The ideas of accountability and public good in journalism are more than two centuries old. The institutional frameworks have been evolving over the last century — technological disruption has brought in a new set of challenges. However, the core concerns remain the same. For instance, the 1947 Hutchins Commission report about the media, “A Free and Responsible Press”, concluded that the freedom of the press was in danger.
Robert M. Hutchins, who served as the president of the University of Chicago, concluded in his report that the freedom of the press was in danger for three reasons: “First, the importance of the press to the people has greatly increased with the development of the press as an instrument of mass communication. At the same time, the development of the press as an instrument of mass communication has greatly decreased the proportion of the people who can express their opinions and ideas through the press. Second, the few who are able to use the machinery of the press as an instrument of mass communication have not provided a service adequate to the needs of society. Third, those who direct the machinery of the press have engaged from time to time in practices which the society condemns and which, if continued, it will inevitably undertake to regulate or control.”
Jeffrey Dvorkin, a former ombudsman for National Public Radio (NPR), once observed that ombudsmen were in a privileged position to connect the audience’s need for accountability with media outlets’ recognition that they need to improve their work in our current times.
He summarised the role as being “a mediator between the expectations of the public and the responsibilities of journalists”. This framework gives a glimpse into factors that shape my concerns, fears and anxieties about the future of journalism.
When I became a journalist in 1985, most editors used to commission special stories on December 3 to mark the Bhopal gas tragedy, which remains one of the most terrible industrial accidents faced by humanity. After many years, we are yet to ascertain the exact death toll, the long-term impact of permitting toxic material in our atmosphere and permitting it to contaminate the groundwater. While the question of unfair compensation remains valid even today, the series of journalistic interventions helped make the Indian state act, albeit partially. December 3, in a sense, used to mark the importance of follow-ups.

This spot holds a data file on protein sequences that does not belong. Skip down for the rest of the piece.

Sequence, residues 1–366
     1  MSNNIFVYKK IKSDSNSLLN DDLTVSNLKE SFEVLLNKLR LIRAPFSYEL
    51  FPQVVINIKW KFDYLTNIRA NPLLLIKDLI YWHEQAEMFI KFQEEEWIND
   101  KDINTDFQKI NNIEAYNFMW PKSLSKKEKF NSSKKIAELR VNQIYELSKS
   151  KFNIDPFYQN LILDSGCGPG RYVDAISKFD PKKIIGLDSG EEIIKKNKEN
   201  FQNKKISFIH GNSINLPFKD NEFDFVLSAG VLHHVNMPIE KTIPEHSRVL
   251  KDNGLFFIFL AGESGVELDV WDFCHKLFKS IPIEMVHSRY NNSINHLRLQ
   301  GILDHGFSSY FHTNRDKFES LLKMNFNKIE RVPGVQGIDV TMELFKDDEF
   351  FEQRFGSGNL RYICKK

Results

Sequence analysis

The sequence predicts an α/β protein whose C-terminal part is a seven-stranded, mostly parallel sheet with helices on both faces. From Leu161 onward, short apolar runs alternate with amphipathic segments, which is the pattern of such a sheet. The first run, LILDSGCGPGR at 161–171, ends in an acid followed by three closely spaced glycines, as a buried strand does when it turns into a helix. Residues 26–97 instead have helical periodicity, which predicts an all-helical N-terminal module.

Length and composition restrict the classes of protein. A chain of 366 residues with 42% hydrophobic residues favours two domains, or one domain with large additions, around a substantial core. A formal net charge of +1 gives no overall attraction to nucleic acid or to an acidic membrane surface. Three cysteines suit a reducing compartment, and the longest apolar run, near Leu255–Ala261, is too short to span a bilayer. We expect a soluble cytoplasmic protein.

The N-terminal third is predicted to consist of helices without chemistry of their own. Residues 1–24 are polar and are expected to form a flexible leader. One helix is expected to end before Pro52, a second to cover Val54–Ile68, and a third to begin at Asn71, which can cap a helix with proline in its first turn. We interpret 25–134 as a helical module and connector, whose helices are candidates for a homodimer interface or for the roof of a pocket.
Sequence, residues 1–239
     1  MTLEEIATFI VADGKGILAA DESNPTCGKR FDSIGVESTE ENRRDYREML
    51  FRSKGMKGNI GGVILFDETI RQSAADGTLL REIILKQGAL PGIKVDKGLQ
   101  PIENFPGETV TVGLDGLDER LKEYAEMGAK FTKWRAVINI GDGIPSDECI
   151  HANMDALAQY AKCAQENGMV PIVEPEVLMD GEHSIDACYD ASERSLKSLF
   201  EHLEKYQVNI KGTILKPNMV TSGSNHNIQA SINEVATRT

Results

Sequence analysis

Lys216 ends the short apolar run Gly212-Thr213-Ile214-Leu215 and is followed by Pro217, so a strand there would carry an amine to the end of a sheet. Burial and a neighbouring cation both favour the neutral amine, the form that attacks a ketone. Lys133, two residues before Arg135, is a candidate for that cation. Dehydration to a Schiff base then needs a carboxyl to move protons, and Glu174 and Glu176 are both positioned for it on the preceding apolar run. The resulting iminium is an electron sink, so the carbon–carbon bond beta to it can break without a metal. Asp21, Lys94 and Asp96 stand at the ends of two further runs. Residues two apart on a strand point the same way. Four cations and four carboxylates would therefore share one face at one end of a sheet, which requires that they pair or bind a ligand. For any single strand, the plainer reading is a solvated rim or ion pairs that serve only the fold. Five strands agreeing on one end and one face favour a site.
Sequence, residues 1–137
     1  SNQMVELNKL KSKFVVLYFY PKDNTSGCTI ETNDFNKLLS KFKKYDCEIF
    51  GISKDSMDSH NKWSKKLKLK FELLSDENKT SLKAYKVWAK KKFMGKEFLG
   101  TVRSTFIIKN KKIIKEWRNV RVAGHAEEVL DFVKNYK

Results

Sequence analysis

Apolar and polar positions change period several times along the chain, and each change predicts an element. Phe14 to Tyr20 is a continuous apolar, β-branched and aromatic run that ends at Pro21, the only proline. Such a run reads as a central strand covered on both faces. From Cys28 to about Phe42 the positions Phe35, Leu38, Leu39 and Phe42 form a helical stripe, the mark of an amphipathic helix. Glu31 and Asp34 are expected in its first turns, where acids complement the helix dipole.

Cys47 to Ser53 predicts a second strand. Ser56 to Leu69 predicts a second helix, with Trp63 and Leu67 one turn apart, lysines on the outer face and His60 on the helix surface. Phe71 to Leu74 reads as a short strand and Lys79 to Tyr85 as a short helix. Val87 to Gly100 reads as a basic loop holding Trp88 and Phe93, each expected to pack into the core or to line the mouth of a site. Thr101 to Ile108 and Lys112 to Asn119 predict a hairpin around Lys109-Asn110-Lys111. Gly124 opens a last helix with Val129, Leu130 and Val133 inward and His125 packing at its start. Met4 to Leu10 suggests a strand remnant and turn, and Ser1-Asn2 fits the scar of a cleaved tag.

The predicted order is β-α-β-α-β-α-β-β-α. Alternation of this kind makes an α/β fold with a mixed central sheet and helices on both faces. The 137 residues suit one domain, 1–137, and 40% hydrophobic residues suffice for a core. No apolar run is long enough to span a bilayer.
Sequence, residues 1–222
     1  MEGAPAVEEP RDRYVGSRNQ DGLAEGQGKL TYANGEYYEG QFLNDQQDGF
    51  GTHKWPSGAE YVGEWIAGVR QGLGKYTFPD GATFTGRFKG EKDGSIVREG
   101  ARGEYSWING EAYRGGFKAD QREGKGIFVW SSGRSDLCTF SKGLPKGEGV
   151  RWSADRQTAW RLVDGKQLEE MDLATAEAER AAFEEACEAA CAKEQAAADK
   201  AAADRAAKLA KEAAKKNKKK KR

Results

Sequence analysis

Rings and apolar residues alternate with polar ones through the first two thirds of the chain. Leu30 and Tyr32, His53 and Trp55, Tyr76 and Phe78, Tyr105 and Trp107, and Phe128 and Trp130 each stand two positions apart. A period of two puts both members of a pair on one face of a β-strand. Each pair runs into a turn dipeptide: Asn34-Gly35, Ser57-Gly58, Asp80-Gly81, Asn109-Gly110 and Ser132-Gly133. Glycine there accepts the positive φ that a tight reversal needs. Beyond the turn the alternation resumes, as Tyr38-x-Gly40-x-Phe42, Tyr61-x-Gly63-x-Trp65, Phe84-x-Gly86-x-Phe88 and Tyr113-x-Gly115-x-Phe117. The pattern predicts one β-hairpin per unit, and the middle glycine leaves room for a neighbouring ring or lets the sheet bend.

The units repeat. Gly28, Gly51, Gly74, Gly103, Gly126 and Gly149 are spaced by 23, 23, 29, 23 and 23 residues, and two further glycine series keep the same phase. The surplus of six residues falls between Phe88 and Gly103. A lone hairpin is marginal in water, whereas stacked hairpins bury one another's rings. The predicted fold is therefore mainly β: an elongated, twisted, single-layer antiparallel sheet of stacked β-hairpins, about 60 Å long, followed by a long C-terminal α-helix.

Status of investigations
It is time for editors to commission stories on the status of investigations into crimes against journalists. My concern about quality journalism is firmly tied to the well-being of journalists. Though the United Nations General Assembly adopted a resolution in 2013 that proclaimed November 2 as the ‘International Day to End Impunity for Crimes against Journalists’, crimes against journalists are unending and there seems to be a growing impunity for the perpetrators. The failure of law enforcement agencies across the world, including in India, is a disturbing feature.
As I am writing this column, I remember that editor Gauri Lankesh was killed four years ago on the same day. She was shot down by two assailants, widely believed to be part of a larger conspiracy to take out anti-Hindutva voices, outside her home at Rajarajeshwarinagar Nagar in Bengaluru on September 5, 2017. The next year, this newspaper carried a detailed report, “Unravelling the Gauri Lankesh murder case” (June 16, 2018), which had an interesting head deck that said, “The Karnataka police think they have cracked the case. Why they think so. And how they did it.” In February 2019, the Supreme Court had noted the murders of Lankesh, Kannada writer M.M. Kalburgi, and activists Narendra Dabholkar and Govind Pansare were part of a “very serious case”. Yet, the investigations are slow and attempts to bring those who have committed grave crimes to book remain a distant dream.
Senior journalist Pamela Philipose’s tweet on September 4 captured the stark reality. “Tomorrow marks four years since the unconscionable felling down of India's dynamic editor Gauri Lankesh in her own home. So far the case involving 17 has not made it to the courts even as evidence of the direct involvement of the politically coddled Sanathan [sic] Sanstha surfaces,” she said on Twitter. Reports document how multiple pleas were deliberately made to stall the trial.
It is impossible to save journalism if we fail to save journalists.